September 07, 2005
Book Review - A Civil War
When Charlie Weatherbie arrived to take up his first head coaching position, he was asked about Army-Navy. He'd seen other rivalries, he said. He knew about other rivalries, Oklahoma-Oklahoma State, for instance. Seemed no different to him. People at Navy spent way too much time worrying about Army when there was a whole season to play.
A subtitle to the Navy side might be "The Education of Charlie Weatherbie." Even going into the game, after Army Week and a whole season of "Beat Army," he was more focused on the winning season than on Beating Army. At the end of the game, Weatherbie broke down in tears, repeatedly apologizing to his players for a critical coaching mistake that probably cost them the game, taking responsibility in the best Academy tradition.
Talk about a transformative experience.
Army and Navy have been playing each other in football for 100 years, they've been fighting wars together for over 200. What Weatherbie didn't understand - what most people don't understand - is that while the Academies live to beat each other in football, they respect rather than hate each other. They save that for the Air Force, the kid brother who thinks it's about winning games.
The book is 10 years old by now, and the football programs have changed a little. In 1995, both academies had programs on the rocks. Army had a respectable program, but Navy had suffered through a couple of 1-win seasons. Both schools were in the lower tier of Division I-A, and were regularly scheduling I-AA teams to pad their win totals. Bowl games were fond, distant memories. Since, while Army's coaching has completely fallen apart, Navy has gone on to several bowl games and has recently dominated the series.
The Naval Academy was also suffering through a series of scandals - an Electrical Engineering cheating scandal, alumni involved in a murder-suicide, and three midshipmen killed in a freak car accident returning to the Yard. Army had won the previous three games by a total of five points, leaving this as the last chance for Navy's graduating firstclassmen to win The Game. A popular superintendent had reluctantly returned to Annapolis at the end of his career to right a ship gone horribly wrong.
While West Point as a whole didn't need the win as badly as Navy did, their coach probably did. And the Army football team didn't lack for compelling characters with compelling stories. Often these reflect the harsh and somewhat anachronistic discipline that the Academies impose on their underclassmen. One of the best concerns Army team captain Cantelupe and Beast, the introductory hazing new plebes go through the summer that the enter West Point:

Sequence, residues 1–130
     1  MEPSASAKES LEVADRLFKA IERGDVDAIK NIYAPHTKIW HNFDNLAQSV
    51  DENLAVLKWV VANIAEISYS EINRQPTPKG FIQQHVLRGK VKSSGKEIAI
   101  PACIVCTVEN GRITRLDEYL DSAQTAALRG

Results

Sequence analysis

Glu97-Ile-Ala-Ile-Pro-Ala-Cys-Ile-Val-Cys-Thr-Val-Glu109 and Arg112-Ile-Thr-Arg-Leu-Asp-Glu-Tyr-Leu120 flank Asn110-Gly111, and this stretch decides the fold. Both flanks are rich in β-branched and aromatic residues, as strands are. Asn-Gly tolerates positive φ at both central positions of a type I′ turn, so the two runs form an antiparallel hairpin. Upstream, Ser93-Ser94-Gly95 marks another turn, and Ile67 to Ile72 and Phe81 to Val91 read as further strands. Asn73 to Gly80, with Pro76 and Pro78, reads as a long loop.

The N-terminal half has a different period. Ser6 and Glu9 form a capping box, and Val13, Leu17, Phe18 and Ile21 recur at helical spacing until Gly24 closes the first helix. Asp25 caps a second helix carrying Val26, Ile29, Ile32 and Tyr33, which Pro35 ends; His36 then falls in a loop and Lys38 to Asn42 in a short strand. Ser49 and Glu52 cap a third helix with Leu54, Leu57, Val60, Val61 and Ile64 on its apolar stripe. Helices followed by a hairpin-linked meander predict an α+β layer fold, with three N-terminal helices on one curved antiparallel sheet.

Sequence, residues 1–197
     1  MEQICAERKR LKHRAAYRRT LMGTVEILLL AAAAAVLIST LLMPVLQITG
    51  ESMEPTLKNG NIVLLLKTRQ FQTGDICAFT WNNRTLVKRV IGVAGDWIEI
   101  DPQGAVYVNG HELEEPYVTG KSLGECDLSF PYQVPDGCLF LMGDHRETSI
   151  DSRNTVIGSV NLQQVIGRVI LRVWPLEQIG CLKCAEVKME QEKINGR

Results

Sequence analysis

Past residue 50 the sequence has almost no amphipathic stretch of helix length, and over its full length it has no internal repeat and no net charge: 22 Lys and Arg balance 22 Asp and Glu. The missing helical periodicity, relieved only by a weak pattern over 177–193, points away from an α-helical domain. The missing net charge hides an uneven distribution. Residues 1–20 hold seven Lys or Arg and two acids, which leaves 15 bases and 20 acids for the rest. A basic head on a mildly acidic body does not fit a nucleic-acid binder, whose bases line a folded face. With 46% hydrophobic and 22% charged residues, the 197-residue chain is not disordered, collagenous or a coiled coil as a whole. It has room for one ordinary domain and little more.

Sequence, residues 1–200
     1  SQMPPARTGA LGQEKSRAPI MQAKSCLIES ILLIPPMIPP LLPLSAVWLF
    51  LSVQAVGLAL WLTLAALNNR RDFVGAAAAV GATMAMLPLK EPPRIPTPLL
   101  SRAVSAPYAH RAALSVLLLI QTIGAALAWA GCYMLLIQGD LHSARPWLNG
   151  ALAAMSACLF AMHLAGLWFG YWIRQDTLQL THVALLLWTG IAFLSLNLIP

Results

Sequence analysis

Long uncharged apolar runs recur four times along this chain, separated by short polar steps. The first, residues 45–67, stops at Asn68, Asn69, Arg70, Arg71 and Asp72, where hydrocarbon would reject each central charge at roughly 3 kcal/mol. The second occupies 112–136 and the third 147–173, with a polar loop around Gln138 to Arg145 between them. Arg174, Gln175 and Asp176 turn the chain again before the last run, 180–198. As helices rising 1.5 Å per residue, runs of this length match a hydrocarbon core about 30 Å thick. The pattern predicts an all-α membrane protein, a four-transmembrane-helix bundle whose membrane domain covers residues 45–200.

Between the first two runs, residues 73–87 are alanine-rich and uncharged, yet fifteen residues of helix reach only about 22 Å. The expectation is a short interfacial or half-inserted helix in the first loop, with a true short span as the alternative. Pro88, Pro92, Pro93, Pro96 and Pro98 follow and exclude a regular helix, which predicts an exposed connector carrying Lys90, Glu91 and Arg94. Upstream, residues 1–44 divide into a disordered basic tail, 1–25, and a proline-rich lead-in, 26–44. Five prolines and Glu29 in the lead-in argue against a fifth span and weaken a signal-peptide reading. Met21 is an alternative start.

If Feinstein has a problem, it's that there are too many good stories, with too many good personalities. Guys who have to work their way through Academy prep school to make it in. Guys who fail out. And the ever-present tension between the Corps or the Brigade as a whole, and the football team's special privileges.
He's covering the story of two teams through a whole year, and it's hard to make the narrative hang together. While Feinstein nominally tells the story through Cantelupe and Navy's captain Andrew Thompson, they provide more of a common thread than a consistent point of view. Also, as the above passage indicates, his praise for his editor is somewhat misplaced.
That said, it was probably a mistake for me to read this book in August.
I already can't wait for the last weekend in November.
August 30, 2005
The book isn't just for military leaders. Cohen makes it clear that while military leaders have enjoyed business success, and vice-versa, there's no secret to military command that works magic in the business world. Asking questions - asking the right - questions, and then following through, is what works.
August 04, 2005
The (Mis)behavior of Markets
According to Modern Portfolio Theory, the basis for most of modern stock market analysis, the crash of October 1987 shouldn't have happened in our lifetimes. In fact, it shouldn't have happened in the lifetime of the country. It should have happened, perhaps, once in the lifetime of the universe. It was just our good fortune to have lived through it. Now we can relax.
In fact, even as Robert Merton and Myron Scholes were accepting the Nobel Prize for their contributions, the markets were preparing to given the Royal Swedish Academy second thoughts.
So what went wrong? Why did MPT fail so catastrophically? What assumptions failed? Why do academics and researchers continue to base their research on those assumptions? And is there anything out there that might be better?
Benoit Mandelbrot, Father of Fractals, Creator of Chaos Theory, Maker of the Mandelbrot Set, has some ideas, and The (Mis)Behavior of Markets tries to bring them to the public.
I fell in love with fractals and chaos theory in college, when both it and I were young. I didn't pursue a career in physics, and left them behind, I thought for good. Ah, but life is strange, and just a couple of years before I decided to turn towards finance, so did Mandelbrot and fractals, and there there are, my old friends, waving me over to the table for drinks.